Tumor-Draining Lymph Nodes Contain Immunodominant Peptide-Specific T Cells which Demonstrate Efficacy in Murine Models of Adoptive Immunotherapy

Kevin Choong, John Ammori, Khaled Hamzeh, Hallie Graor, Julian Kim

University Hospitals Cleveland Medical Center, Division of Surgical Oncology, Cleveland, OH, USA. Maui Medical Group, Department of Surgery, Kahului, HI, USA


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Background:  The purpose of this study was to determine whether tumor draining lymph nodes (TDLNs) contain the necessary components to process and present tumor-rejection antigens. The secondary objective was to determine whether short term ex vivo culture of TDLNs could generate peptide-reactive T cells with specific anti-tumor effector function in vivo.

Methods:  4T1 and RENCA cancer cell lines were transfected with an expression plasmid containing HER2. These cell lines were then inoculated into the mammary fat pads of BALB/c mice to generate TDLNs. The antigen-experienced CD62Llow T cell subpopulation of TDLNs was isolated and activated ex vivo with anti-CD3 and expanded in interleukin (IL)-2 prior to determining in vitro and  in vivo activity.

Results:  Of nine HER2 nonameric peptides synthesized using the SYFPIETHI prediction model, culture activated cells derived from TDLNs from HER2-bearing 4T1 cells (4T1.2) secreted significant levels of interferon-g in response to the highest affinity peptide TYLPTNASL. Furthermore, culture-activated cells derived from 4T1.2 TDLNs secreted significant levels of interferon-g when co-cultured with either 4T1.2 or HER2-transfected RENCA cells, but not RENCA transfected with control plasmid. Additionally, adoptive transfer of culture activated cells derived from 4T1.2 TDLNs cured mice bearing 4T1, 4T1.2 and RENCA-HER2 but not RENCA transfected with control plasmid.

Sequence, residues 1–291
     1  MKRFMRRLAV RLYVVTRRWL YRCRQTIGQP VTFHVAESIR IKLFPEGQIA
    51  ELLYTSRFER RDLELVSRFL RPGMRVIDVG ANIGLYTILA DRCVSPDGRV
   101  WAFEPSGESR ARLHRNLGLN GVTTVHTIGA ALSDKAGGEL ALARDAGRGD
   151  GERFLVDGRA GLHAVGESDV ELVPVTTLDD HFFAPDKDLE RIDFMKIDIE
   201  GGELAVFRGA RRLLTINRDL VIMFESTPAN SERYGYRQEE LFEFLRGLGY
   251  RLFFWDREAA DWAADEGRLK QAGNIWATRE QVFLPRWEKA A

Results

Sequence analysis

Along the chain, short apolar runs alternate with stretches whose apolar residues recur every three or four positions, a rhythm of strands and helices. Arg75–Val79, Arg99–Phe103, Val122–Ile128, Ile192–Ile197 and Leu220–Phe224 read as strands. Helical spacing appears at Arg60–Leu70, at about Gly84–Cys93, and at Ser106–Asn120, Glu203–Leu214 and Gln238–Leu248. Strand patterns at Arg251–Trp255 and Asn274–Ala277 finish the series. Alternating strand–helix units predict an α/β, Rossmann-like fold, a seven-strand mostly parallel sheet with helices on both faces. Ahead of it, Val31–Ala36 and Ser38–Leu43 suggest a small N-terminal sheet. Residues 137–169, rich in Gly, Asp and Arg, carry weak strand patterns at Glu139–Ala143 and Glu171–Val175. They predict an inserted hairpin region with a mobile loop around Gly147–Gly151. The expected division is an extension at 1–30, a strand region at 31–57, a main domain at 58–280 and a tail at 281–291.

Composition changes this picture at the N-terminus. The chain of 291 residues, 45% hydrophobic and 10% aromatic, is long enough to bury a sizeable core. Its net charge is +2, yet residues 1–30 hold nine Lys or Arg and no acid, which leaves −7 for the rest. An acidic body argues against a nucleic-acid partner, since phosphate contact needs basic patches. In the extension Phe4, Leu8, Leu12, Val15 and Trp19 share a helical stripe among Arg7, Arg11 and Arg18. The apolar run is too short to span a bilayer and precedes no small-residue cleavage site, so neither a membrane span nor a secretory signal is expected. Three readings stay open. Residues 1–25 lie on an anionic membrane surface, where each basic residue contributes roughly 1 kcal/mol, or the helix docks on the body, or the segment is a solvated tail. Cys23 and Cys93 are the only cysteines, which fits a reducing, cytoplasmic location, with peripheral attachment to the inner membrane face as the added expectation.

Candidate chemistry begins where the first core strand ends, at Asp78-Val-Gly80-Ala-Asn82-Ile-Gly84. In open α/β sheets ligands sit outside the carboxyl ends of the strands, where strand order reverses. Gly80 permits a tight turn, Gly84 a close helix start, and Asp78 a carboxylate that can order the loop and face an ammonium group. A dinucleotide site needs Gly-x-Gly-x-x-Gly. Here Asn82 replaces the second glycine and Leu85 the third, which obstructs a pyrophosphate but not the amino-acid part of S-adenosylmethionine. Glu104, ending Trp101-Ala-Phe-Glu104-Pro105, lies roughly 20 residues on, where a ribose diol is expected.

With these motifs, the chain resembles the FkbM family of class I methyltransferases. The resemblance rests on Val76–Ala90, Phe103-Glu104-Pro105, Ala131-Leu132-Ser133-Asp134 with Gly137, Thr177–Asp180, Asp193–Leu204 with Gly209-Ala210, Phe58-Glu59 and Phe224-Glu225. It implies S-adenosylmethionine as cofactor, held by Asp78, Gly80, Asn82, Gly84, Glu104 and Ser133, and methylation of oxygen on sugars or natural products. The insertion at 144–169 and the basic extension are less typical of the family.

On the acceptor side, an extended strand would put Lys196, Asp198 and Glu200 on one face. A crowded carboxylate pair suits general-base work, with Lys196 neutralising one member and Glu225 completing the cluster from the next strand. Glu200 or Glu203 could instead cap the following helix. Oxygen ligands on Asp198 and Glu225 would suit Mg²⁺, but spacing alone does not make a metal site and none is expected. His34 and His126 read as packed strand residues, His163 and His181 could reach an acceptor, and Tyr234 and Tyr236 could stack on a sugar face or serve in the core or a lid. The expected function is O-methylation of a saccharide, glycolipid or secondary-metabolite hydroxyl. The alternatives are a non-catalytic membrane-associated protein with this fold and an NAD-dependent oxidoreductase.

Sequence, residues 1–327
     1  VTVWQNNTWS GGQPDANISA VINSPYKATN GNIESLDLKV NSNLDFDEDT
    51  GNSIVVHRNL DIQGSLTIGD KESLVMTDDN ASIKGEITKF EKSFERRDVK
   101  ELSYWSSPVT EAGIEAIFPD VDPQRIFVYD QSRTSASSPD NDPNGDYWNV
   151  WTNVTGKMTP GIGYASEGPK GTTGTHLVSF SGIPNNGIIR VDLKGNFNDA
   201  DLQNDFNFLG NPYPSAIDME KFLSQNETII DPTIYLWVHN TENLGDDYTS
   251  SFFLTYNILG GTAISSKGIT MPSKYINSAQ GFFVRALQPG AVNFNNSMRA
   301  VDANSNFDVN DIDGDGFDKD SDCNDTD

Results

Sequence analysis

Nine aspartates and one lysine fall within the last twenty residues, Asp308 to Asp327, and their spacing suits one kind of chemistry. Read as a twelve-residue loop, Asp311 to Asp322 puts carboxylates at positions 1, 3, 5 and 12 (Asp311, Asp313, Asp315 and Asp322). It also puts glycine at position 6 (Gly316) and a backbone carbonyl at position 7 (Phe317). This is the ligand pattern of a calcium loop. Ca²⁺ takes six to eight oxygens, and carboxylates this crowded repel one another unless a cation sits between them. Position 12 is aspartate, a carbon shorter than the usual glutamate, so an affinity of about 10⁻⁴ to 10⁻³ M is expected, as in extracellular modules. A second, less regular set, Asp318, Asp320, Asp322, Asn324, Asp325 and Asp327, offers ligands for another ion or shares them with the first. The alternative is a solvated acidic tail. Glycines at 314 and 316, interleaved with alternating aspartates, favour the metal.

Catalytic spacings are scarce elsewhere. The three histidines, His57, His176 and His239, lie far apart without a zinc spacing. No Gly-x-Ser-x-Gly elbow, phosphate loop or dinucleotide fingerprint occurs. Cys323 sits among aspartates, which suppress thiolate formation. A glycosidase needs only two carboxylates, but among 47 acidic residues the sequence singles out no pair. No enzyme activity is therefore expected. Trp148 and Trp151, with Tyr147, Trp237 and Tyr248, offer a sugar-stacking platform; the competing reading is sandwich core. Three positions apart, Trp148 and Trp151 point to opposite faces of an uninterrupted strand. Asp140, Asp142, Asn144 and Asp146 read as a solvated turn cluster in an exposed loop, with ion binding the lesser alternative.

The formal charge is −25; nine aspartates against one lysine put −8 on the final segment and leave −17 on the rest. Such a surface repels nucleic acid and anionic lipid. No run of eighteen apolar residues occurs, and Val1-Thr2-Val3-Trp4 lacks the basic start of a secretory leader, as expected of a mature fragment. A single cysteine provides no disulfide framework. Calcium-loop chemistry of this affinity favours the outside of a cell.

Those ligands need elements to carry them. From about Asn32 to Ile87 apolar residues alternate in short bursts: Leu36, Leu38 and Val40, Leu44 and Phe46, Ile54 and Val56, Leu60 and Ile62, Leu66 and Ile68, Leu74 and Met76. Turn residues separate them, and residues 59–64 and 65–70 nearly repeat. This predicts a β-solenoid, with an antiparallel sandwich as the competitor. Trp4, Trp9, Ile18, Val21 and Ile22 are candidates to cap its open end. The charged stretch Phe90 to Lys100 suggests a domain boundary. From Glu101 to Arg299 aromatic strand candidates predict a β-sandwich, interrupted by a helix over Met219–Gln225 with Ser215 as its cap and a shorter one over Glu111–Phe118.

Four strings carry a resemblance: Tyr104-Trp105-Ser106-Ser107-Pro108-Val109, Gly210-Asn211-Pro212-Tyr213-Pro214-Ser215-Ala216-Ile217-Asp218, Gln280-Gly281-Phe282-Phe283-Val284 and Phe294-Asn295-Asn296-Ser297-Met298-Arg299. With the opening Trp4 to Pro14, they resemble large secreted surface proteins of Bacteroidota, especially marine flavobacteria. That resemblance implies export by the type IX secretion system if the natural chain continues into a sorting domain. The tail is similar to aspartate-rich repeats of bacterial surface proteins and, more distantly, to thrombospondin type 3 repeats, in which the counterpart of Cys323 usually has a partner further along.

Conclusions:  Short-term culture of TDLNs ex vivo results in generation of peptide-reactive T cells which can be expanded and cure mice bearing HER2 transfected tumors in vivo. These results provide proof-of-concept that TDLNs have the capacity to process and present tumor-rejection antigens, specific to an individual patient’s tumor. Journal of Nature and Science (JNSCI), 3(6):e398, 2017



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